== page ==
Today’s Takeaway: Investment in the U.S. chemical and plastics industry resulting from domestic shale gas has now surpassed $200 billion, according to the American Chemistry Council (ACC).

ACC reports that over the past eight years, 333 chemical industry projects made possible by natural gas from shale formations have been announced with a total estimated value of $202.4 billion. Of those projects, 53% of the investment has been completed or under construction and 41% are in the planning phase.1 Of the total value, 68% is direct foreign investment or includes a foreign partner.

American Chemistry Council Reports Chemistry Investments from Shale Gas Surpass $200 Billion

Cumulative Announced Chemical Industry Investments from Shale Gas
¹https://www.americanchemistry.com/Media/PressReleasesTranscripts/ACC-news-releases/US-Chemical-Industry-Investment-Linked-to-Shale-Gas-Reaches-200-Billion.html

What's the Point?

Much of the mainstream talk surrounding natural gas, and specifically natural gas extracted from shale formations, has been around its ability to power homes and communities across the country. It’s a more easily understandable concept for most people, after all, and one that impacts the general population on a wider scale. Much less is known about natural gas’s tremendous impact on the manufacturing industry.

Analysis from the ACC shows that the $200 billion-plus in capital spending as a result of shale gas could lead to nearly $300 billion per year in new chemical and plastics industry output. It’s estimated it could support 786,000 jobs across the economy by 2025, including 79,000 chemical industry jobs, 352,000 jobs in supplier industries, and 355,000 jobs in communities where workers spend their wages.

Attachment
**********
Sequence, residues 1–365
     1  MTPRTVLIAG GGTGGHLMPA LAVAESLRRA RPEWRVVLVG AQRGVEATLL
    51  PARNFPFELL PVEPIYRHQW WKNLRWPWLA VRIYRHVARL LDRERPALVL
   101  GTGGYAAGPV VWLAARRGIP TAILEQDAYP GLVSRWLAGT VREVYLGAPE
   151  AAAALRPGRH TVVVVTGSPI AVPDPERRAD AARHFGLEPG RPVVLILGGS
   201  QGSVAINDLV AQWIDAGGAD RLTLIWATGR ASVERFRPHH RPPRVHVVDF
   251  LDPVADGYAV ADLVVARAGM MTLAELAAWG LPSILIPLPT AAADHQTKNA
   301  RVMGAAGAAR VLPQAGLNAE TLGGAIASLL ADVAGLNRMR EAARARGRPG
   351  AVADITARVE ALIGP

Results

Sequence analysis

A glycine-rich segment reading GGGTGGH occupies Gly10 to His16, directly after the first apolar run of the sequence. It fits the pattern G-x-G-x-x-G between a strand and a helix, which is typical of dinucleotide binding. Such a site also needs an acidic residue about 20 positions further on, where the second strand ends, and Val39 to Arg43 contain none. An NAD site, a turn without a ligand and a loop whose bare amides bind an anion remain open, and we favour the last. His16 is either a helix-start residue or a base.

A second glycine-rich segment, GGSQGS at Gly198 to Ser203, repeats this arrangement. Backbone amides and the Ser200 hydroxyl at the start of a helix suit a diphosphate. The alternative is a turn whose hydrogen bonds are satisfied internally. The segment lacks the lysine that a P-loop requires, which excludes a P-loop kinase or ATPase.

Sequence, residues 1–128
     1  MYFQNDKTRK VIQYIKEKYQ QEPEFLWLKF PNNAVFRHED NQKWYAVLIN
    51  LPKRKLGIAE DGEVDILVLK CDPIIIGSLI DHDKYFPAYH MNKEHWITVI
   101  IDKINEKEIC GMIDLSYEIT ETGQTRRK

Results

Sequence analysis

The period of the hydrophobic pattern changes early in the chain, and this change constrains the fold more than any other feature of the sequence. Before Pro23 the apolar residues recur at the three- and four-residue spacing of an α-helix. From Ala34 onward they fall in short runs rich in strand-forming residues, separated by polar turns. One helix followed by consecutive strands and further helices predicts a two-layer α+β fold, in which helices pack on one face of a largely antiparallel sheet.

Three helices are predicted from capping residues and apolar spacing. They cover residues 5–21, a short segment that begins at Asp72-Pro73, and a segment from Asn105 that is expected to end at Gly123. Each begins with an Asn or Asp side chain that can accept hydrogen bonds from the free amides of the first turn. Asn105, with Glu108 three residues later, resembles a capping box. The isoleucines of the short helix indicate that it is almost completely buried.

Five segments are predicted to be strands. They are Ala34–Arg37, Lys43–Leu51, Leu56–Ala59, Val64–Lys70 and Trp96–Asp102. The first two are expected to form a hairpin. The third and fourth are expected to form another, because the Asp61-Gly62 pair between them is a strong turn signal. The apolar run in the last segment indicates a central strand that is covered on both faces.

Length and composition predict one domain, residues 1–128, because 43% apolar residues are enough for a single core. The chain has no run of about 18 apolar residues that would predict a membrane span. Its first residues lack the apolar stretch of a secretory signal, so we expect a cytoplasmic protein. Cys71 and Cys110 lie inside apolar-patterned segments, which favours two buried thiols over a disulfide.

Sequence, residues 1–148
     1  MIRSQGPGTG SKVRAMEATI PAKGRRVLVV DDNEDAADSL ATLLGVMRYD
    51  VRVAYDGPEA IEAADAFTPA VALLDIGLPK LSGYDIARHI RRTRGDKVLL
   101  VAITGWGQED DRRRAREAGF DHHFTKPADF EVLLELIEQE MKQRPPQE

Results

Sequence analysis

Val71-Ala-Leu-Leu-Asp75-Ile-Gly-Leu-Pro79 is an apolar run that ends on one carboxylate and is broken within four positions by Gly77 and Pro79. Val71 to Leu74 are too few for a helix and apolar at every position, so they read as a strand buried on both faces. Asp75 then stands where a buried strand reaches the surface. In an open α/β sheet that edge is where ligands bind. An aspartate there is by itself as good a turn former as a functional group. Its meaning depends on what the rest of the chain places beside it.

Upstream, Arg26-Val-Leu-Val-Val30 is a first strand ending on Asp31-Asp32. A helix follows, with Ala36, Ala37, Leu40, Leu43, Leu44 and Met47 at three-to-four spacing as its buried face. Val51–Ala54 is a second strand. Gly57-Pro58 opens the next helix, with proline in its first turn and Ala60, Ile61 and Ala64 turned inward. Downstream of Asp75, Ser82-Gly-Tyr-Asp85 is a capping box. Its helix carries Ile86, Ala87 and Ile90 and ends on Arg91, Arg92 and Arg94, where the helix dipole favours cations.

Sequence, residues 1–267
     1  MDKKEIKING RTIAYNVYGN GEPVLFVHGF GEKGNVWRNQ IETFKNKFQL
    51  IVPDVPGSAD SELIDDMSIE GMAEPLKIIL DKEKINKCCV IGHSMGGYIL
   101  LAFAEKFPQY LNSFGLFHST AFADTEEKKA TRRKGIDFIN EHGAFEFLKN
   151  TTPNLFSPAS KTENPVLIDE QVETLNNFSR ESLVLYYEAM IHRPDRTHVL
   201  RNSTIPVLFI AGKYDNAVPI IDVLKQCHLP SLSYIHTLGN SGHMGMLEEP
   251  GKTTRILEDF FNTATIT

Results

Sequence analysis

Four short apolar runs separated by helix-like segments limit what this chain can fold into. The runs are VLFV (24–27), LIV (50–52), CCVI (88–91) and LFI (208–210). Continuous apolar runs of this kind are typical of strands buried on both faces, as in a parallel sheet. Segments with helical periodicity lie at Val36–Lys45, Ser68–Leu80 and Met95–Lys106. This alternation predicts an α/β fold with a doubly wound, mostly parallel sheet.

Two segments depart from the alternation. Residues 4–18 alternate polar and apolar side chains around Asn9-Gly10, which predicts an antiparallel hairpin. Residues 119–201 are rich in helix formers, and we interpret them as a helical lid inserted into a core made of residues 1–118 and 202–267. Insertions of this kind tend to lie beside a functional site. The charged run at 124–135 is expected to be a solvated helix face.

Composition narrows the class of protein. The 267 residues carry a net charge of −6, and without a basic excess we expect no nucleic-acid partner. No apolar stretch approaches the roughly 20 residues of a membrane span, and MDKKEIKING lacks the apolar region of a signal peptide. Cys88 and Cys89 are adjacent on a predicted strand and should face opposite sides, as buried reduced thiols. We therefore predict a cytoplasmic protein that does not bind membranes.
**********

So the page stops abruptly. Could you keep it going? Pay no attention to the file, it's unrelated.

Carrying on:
Why Should I Care?

Natural gas is powering more than just Americans’ homes. It’s powering the products they buy and the jobs in which they work. Natural gas and natural gas liquids (NGLs) are not only helping the U.S. chemical industry, but they’ve become key to allowing the industry to remain internationally competitive. Because of the lower cost of NGLs, it gives U.S.-based manufacturers a leg up on their overseas competitors (who mostly use oil-based naphtha as their main feedstock).

Producers have as much to gain from downstream development as the manufacturers themselves. The more natural gas grows, the more opportunities there will be for all kinds of industries and investments to be made in companies based here in the U.S. One of the keys to unlocking the full potential of the natural gas ecosystem will be for producers, downstream manufacturers, and others with an interest in the industry, to collaborate and work together by forming new groups and formal partnerships.